PUP leader Billy Hutchinson has refused to say sorry to the families of the two young Catholics he murdered as they walked to work in 1974.
Mr Hutchinson’s years in the UVF have been under renewed scrutiny since a News Letter interview last week.
In the interview he said that he had no regrets about his past and suggested that UVF murders such as his own had helped stop a united Ireland.
Asked this morning on BBC Radio Ulster’s Nolan Show if he would say sorry to the families of his two victims – Edward Morgan, 27, and Michael Loughran, 18 – he said: “There will be a time for that and that time will come when this society designs the process to deal with the past ... me and my party believe that we need to deal with the past and we are quite happy to do that.
“But it will happen when the context is set and when everyone else wants to agree that context and take part.
“There will be a time for that. The time is not now.”
In a series of U-turns from what he said to the News Letter last week, Mr Hutchinson today told the Nolan Show that “the UVF didn’t prevent a united Ireland”, a week after suggesting that the paramilitary group had helped do just that.
A week after saying “I certainly have no regrets in terms of my past because I believe that I contributed to preventing a united Ireland”, Mr Hutchinson said: “Of course I regret all of my past; I regret it all ... there’s nobody saying that there was no regret”.
When presented with his own words from last week’s interview on the issue, he said: “I’m not foolish enough to believe that that was the case”, going on to say that “it was a combination of things that prevented a united Ireland”.
And he claimed that the News Letter had misrepresented his words so it appeared that he was suggesting his victims had links to the IRA and were not, as the trial judge said, entirely innocent, random Catholics.
Today Mr Hutchinson claimed that when he talked in the interview about having “intelligence”, “I was talking in terms of a very general discussion around a UVF campaign and my view of it. It was a discussion around the generalities of changing strategies, tactics and intelligence, all of which were at times good or bad, accurate or inaccurate, successes or failures.
“None of this was discussed in any specific context; yet was presented in that fashion.”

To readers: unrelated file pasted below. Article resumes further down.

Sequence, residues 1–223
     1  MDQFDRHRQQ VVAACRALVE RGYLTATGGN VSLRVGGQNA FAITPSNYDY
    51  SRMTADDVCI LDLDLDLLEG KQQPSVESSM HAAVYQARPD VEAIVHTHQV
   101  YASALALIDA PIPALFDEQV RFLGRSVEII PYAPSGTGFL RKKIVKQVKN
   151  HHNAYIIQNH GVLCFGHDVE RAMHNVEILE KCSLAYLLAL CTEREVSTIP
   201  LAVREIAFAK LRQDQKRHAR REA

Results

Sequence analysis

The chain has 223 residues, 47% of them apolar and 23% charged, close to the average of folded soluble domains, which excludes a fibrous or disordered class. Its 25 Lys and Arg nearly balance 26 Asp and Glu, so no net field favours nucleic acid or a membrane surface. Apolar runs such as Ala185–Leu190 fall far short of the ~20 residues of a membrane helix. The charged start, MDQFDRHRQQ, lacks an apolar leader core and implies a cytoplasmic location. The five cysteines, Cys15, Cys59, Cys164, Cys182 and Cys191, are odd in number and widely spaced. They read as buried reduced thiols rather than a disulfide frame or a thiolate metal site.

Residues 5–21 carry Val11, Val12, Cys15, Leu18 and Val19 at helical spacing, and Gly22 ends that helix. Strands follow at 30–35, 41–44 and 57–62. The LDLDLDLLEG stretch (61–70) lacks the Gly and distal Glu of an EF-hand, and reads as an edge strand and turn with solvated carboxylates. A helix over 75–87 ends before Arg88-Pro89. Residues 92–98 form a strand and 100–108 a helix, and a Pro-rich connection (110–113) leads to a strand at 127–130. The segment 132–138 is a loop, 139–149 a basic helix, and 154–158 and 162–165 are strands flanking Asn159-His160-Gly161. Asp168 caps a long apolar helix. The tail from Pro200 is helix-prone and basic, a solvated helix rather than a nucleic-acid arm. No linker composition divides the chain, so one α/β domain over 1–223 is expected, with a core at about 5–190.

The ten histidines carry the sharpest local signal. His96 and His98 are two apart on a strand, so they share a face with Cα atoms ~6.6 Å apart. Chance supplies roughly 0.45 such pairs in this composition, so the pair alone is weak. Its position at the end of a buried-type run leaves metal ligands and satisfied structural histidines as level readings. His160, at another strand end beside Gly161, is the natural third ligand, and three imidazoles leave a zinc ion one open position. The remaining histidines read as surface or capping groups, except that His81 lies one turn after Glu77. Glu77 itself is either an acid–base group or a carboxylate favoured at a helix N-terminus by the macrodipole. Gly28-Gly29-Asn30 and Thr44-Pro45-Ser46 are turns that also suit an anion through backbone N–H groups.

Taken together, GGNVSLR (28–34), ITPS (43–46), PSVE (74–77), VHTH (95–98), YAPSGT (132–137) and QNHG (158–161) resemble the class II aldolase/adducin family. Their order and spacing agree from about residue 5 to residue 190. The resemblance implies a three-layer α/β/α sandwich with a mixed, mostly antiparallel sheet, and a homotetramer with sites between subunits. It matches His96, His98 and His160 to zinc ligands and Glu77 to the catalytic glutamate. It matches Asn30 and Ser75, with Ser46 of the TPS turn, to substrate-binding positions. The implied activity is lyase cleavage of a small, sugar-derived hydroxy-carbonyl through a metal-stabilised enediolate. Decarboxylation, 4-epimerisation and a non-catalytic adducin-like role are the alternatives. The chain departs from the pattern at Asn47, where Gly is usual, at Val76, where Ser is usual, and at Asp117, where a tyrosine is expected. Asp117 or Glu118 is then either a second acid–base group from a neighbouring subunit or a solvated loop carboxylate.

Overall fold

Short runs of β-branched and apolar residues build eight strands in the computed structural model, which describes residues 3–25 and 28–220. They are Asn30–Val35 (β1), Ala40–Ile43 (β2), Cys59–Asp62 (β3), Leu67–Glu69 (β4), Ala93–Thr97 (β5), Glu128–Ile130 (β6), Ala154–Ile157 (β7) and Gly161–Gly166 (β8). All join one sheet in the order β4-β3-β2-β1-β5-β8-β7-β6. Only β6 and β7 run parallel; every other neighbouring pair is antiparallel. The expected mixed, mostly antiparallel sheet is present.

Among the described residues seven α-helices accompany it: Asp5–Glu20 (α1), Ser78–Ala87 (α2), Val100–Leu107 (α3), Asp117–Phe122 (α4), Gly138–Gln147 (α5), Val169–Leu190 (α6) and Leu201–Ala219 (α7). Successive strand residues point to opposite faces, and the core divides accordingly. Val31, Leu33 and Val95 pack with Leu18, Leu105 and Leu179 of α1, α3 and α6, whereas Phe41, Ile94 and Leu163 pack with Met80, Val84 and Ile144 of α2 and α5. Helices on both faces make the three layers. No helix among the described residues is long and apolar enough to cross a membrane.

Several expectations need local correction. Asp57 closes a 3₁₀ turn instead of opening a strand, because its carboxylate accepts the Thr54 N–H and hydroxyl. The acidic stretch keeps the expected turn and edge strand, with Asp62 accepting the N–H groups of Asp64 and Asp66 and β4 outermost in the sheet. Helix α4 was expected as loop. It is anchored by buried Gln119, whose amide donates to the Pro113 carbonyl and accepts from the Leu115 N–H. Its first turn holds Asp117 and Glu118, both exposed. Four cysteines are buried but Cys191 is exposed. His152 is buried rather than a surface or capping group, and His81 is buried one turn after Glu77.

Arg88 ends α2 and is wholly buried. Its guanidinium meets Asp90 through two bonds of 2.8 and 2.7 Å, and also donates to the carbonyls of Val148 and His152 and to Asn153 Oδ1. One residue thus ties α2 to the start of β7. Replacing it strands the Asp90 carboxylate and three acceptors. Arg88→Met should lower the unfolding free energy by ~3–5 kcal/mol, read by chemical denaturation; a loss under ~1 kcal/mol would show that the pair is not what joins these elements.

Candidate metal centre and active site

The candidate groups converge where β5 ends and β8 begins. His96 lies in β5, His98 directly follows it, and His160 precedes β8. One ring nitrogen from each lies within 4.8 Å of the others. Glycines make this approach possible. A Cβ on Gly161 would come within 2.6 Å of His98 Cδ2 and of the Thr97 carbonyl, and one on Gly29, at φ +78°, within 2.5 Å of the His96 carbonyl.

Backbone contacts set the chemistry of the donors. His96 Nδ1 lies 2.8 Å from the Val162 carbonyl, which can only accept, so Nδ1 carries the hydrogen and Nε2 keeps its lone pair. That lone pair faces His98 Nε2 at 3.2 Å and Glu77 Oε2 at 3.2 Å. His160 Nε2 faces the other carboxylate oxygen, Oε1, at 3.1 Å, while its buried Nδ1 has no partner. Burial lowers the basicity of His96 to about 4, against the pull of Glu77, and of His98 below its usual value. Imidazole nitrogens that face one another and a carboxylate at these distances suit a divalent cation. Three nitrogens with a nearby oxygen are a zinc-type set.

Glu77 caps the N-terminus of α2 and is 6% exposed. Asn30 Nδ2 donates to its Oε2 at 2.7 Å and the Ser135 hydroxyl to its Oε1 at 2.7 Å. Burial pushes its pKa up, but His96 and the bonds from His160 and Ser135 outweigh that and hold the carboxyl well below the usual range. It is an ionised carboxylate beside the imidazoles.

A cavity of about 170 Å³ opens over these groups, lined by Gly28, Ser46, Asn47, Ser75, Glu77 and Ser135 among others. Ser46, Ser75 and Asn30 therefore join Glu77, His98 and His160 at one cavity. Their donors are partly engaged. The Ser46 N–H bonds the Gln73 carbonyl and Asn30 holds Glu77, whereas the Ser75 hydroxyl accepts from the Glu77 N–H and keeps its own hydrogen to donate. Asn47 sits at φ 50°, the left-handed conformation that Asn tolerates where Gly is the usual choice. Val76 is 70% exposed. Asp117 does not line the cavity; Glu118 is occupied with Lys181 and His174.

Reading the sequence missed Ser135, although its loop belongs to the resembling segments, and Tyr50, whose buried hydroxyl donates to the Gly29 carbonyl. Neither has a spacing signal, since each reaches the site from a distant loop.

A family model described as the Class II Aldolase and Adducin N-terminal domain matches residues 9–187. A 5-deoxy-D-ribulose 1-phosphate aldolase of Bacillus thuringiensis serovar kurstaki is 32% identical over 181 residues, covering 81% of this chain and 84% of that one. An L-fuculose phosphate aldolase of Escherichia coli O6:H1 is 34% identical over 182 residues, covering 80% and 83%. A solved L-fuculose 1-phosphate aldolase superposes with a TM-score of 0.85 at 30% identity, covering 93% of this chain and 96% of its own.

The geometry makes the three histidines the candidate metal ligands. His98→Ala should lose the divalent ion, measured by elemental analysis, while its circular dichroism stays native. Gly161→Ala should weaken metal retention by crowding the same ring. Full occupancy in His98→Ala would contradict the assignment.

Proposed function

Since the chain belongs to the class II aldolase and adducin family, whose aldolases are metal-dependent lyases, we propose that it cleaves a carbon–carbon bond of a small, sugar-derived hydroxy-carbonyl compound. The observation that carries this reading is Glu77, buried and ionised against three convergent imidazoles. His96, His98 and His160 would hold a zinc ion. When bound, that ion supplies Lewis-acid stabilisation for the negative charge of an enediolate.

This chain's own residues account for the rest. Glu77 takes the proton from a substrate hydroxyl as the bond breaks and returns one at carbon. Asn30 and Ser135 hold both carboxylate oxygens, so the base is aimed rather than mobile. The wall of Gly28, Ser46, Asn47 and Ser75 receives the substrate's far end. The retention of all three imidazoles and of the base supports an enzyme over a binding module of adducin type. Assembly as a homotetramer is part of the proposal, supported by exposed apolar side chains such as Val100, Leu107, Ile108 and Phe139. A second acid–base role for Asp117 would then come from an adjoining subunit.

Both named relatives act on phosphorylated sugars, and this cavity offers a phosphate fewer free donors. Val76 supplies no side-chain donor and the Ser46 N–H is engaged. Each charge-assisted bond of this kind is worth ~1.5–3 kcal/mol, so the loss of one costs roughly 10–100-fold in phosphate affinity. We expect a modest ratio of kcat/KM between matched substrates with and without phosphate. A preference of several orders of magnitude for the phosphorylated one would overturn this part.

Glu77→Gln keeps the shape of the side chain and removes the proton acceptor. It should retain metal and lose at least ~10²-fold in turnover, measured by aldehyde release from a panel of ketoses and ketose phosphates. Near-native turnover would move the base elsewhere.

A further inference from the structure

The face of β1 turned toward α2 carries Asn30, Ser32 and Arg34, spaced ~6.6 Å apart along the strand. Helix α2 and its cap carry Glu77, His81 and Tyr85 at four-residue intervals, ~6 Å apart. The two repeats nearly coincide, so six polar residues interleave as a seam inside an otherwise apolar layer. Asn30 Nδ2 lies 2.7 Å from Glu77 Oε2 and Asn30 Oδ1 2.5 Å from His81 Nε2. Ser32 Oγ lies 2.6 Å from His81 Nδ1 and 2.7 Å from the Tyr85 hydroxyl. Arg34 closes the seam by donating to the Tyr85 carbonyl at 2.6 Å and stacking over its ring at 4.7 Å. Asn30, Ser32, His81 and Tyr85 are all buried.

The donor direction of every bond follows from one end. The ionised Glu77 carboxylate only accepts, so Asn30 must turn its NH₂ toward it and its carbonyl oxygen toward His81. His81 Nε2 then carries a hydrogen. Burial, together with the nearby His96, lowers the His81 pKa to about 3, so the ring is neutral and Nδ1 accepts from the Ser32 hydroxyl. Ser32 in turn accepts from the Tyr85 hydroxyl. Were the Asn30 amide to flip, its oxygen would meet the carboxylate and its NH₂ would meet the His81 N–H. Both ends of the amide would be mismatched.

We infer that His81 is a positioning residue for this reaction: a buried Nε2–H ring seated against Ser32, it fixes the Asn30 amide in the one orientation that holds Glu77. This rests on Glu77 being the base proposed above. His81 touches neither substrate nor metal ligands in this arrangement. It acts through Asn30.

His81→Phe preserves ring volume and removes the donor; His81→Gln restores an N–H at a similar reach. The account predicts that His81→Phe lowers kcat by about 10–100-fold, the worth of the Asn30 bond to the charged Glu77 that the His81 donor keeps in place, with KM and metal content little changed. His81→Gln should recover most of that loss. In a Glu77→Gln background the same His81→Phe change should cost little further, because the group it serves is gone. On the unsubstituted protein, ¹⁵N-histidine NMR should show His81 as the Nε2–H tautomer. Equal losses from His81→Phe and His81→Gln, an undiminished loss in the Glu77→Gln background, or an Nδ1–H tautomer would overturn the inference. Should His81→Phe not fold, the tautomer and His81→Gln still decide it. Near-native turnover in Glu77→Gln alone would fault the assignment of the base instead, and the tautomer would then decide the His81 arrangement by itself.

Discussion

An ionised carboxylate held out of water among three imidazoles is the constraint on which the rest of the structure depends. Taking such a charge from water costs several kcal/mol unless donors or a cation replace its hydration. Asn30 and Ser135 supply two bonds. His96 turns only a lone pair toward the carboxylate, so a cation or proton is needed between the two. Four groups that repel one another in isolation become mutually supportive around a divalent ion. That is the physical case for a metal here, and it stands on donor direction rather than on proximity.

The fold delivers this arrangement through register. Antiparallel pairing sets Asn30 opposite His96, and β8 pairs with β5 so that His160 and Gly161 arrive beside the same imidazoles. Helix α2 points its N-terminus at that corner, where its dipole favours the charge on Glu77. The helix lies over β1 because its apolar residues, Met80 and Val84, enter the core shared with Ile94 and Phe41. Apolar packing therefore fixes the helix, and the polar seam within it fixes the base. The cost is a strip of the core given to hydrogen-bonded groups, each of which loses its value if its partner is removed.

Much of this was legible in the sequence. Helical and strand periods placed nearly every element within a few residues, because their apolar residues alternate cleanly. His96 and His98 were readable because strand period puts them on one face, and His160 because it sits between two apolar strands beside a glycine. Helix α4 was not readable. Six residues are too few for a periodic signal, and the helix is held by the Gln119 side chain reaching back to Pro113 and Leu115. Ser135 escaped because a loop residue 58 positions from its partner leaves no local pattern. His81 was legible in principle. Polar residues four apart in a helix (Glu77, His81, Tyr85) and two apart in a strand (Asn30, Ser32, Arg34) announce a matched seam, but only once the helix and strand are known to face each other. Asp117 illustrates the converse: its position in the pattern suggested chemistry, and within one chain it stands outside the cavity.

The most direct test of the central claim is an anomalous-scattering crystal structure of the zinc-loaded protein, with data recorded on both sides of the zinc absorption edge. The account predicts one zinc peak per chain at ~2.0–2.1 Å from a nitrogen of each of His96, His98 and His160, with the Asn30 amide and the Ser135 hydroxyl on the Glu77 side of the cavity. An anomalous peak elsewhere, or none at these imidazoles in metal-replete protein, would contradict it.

However, the News Letter has now published on our website a transcript ( http://www.newsletter.co.uk/news/regional/hutchinson-still-refuses-to-say-sorry-to-families-1-5957093 ) of that section of the interview with Mr Hutchinson. It shows clearly that he was not speaking in general terms but in response to a direct question about his own murders.
The transcript shows that the PUP leader, who in January was co-opted on to Belfast City Council, was asked whether he had regrets about murdering Edward Morgan and Michael Loughran.
He replied: “It’s very easy for you to say that. But what I will say to you is that I didn’t do anything without intelligence”, before going on to talk about his victims’ families. There was no discussion about UVF ‘tactics’ until later in the interview.
He also said: “I will not deny my past and I certainly have no regrets in terms of my past because I believe that I contributed to preventing a united Ireland.”
But when asked by Stephen Nolan whether he regretted his own murders, he said: “I’ve already said that I do.”
When asked if he had chosen random Catholics to be murdered, Mr Hutchinson said it was “not fair to the families” to be “specific about this”.
Mr Hutchinson said today that he had gone through a long period of “self-reflection” while in jail, and out of that had decided to “build a society that was fair, that was equal and where nobody would lose their lives”.
TUV leader Jim Allister condemned Mr Hutchinson’s remarks.
He said: “Billy Hutchinson’s comments in the News Letter last week and on the Nolan Show this morning – where instead of repairing the damage he added to it – showed that he and his party are in no position to take the battle to Sinn Fein.
“His language about a ‘hierarchy of victims’, the ‘conflict’ and ‘war’ was identical to the language of Sinn Fein/IRA.
“Today he claimed ‘remorse’ for what he did, but refused to even say sorry for the murders he committed. More than that, while he rowed back from his suggestion that the people he murdered were in some way linked to the IRA there was no apology to their families for his comments in last week’s News Letter.”
He added: “Anyone who thought that the PUP might be a credible force to take the political battle to republicans will now, if they hadn’t before given their previous support for a designated days policy when it came to the flying of the Union Flag, have cause to stop and think.”